Thursday, January 7, 2010

History of my weather-induced driving paranoia Pt. 2

I've already hit a pole in an ice storm, and been rear ended in a parking garage while waiting at a stop sign. Maybe I was feeling invincible? Perhaps looking for a thrill? Nah. Just ignoring my instincts, which never turns out well.

This is my second winter in upstate NY and I must is wildly unfortunate. The small difference in temperature and precipitation between here and say, Westchester is significant enough to make me hate the season. I try not to hate, too much negative energy expelled...but there is no doubt that I absolutely DESPISE winter here.

It was the first snow of the season that surpassed simple flurry action. I currently live in an apartment complex and was afraid they'd tow my car if I left it there for the workday. I cleared off my vehicle as it slowly warmed up. By the time I'd finished, there was already a fresh layer waiting to be brushed off again.

I got inside and started my ten minute journey to work. This isn't so bad, I prematurely mused while exiting the parking lot. My tune changed rather quickly as I almost wiped out going around a traffic circle. I am unsure what road engineer decided that mitigating speed in the form of confusing and obnoxious traffic circles was reasonable for upstate, but I'd like to personally tell them they had a TERRIBLE idea.

I quickly start to panic after my almost-incident. I should turn around, my practical side urged. An SUV is driving behind me close enough to hop into my trunk. This makes me uncomfortable so I drive at an even slower pace. Suddenly my car jumps off the road into a small ditch. Seconds later I hear a "smack" as this SUV plows into me. I look in my rear view mirror and see a young woman only a few years older than I on the phone. So let's get this straight, she was tailgating AND on her cell phone during a snow storm. I get out of the car as she continues to talk on the phone.

She finally climbs out and we exchange the typical niceties. "Are you OK?" etc. She waits for her husband to arrive and apparently has a toddler in the car. They push and prod my car out of the snowy canal. The damage is so minimal we go on our separate ways.

Looking back, I should have called the police because a small crack in the bumper is still a small crack in the bumper that I did not cause. Perhaps I was just thrilled my bumper did not fall off completely as it did during the parking garage incident. Whatever the case, I recently purchased some new tires but am trying my damndest not to drive during any severe weather...ever again.

History of my weather-induced driving paranoia

I have a problem. I hate driving in snow and ice. It all began at the age 0f 18. I decided that an ice storm could not stop me from picking up my friend and venturing to the local mall. I was (and still am) driving a tiny Honda Civic. This should have been the first clue pointing to a reoccurring theme of "danger".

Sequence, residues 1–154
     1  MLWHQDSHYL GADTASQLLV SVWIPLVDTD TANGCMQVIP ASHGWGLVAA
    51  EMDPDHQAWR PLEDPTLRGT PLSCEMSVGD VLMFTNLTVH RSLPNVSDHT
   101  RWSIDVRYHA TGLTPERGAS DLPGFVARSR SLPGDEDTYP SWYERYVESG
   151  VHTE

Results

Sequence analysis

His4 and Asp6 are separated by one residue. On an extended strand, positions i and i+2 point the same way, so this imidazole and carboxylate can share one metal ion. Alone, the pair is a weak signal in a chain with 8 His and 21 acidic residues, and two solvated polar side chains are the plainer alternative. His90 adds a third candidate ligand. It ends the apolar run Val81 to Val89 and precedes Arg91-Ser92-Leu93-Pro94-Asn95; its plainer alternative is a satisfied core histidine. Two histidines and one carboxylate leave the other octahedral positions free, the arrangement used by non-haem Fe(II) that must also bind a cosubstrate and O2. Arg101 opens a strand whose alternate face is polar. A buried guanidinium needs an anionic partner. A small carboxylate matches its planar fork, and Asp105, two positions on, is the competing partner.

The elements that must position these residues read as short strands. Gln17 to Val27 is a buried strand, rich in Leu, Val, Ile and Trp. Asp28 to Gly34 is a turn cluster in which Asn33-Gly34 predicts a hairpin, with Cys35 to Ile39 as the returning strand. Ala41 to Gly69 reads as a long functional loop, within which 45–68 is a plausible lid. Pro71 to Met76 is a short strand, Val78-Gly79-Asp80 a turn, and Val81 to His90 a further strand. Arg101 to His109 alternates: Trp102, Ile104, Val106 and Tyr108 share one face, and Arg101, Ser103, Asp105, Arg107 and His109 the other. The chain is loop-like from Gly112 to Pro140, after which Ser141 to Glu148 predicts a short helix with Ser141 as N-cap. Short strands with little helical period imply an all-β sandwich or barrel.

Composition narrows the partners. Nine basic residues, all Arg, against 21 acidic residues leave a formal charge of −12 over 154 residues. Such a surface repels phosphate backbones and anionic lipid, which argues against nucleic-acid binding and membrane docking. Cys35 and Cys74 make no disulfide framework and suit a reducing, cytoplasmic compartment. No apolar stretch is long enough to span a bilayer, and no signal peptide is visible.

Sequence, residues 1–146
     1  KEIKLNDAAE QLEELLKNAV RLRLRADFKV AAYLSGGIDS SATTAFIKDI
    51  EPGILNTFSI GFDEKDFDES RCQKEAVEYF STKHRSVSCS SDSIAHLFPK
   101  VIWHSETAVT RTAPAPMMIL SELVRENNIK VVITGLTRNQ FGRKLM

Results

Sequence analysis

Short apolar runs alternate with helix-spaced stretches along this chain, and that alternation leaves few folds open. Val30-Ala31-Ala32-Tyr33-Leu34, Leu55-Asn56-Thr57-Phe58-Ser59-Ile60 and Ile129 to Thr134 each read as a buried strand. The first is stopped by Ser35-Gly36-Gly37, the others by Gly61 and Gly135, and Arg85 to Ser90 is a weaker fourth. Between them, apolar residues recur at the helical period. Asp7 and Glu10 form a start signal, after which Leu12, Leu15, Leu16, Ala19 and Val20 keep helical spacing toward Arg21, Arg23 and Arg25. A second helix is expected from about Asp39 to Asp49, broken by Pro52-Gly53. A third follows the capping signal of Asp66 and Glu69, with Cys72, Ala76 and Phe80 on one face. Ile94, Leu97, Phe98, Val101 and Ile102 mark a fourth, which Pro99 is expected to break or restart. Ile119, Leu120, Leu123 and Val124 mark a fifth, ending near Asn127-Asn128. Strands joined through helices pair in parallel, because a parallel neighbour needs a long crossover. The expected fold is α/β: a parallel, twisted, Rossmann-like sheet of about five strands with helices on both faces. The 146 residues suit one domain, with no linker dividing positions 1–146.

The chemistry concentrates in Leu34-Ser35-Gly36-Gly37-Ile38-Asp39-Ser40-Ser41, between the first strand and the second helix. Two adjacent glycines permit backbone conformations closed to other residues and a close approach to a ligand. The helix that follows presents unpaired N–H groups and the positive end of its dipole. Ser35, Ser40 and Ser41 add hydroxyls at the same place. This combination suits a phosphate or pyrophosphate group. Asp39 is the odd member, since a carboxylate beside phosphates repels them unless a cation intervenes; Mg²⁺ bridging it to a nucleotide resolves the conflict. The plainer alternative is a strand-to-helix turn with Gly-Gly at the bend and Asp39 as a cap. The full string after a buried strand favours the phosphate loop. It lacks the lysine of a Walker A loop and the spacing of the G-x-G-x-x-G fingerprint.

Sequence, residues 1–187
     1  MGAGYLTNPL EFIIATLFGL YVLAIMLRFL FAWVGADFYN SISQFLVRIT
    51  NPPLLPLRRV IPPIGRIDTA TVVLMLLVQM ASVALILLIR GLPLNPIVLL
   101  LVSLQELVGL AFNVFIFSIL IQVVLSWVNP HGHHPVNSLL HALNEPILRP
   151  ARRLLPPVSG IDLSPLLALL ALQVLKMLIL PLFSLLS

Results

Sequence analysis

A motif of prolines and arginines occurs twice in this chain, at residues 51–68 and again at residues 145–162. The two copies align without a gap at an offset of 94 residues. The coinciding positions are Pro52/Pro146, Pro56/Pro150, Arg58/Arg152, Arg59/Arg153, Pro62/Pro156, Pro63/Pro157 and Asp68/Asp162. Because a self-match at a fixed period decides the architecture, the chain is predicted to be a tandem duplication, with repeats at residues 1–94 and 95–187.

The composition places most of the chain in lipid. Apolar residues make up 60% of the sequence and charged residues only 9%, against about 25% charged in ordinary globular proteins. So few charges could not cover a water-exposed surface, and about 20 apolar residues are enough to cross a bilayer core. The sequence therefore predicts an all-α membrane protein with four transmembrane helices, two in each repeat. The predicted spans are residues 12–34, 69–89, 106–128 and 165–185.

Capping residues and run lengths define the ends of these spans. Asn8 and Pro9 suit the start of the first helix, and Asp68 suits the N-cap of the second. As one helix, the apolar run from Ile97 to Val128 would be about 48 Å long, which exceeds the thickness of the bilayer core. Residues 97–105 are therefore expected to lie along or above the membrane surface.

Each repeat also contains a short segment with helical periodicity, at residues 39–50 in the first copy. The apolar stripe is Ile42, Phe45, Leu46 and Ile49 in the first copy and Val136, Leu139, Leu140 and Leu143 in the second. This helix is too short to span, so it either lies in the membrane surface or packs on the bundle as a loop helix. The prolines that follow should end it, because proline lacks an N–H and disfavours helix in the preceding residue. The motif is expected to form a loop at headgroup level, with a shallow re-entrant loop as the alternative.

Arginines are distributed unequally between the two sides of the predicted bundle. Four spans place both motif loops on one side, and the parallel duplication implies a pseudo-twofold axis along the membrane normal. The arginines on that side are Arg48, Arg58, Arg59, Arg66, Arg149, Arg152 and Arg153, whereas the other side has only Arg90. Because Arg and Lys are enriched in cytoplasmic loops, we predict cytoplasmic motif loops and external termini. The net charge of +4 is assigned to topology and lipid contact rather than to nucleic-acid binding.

I knew I had an inkling of uncertainty when I asked my father if it was ok to drive, rather than my mother. Opposites on every level, my father is about as laid back as a corpse. My mother on the other hand? Let's just say her reaction would have delivered in shrill tones, asking me if I was insane.

Looking back, did I REALLY need to hit up the Phillipsburg Mall with such urgency? No. That mall was not worth my time on a sunny day. But for some reason I had set my mind to an evening of retail disappointment. A small ice storm was not going to deter me. No way.

I bundled up, stepped onto the driveway with care, started the car and was on my way. Sliding all over the road after the first turn I thought "well they haven't salted yet...I am sure the main roads are fine." I continue along until I hit such a major road, which is conveniently a steep hill. I see cars attempting to go up the incline, most are stuck completely. A cop car attempting to bring order to chaos was parked nearby. I immediately felt at ease for virtually unknown reasons. Was this policeman going to prevent me from getting into an accident? Would he be able to erase any damage incurred? Of course not.

I inch along, further down this slick boulevard. Passing my old pediatrician's office, I suddenly lose control. In slow motion I am spinning off the road closer and closer to a light pole. A sense of calm came over me which drowned out the sheer terror I initially felt. I had lost control of the car but was going so slowly in the first place that I didn't think I would be seriously injured. I was right. Before I know it my driver's side has attached itself to the pole with a loud smack. I sit stunned for a second, but quickly rifle my phone out to call my house. Half in tears I tell my mother what happened. She didn't even know I had left the house. I crawl out of the car with the policeman's help and wait for my frantic parents to arrive.

My family rushed the four blocks to the scene. (My dad took a little longer..he's uh..methodical in his actions) My mother was at first angry but glad I was ok. My brother was in wonderment of it all and I just wanted to go back in time to make a better judgment call. The officer was helpful with filing a report for the insurance company and keeping everyone calm.

It turns out that total damage was $4,000. They did not total the car because it was a Honda. I think twice before driving anywhere in sub par conditions. This has kept me out of trouble, until last month that is.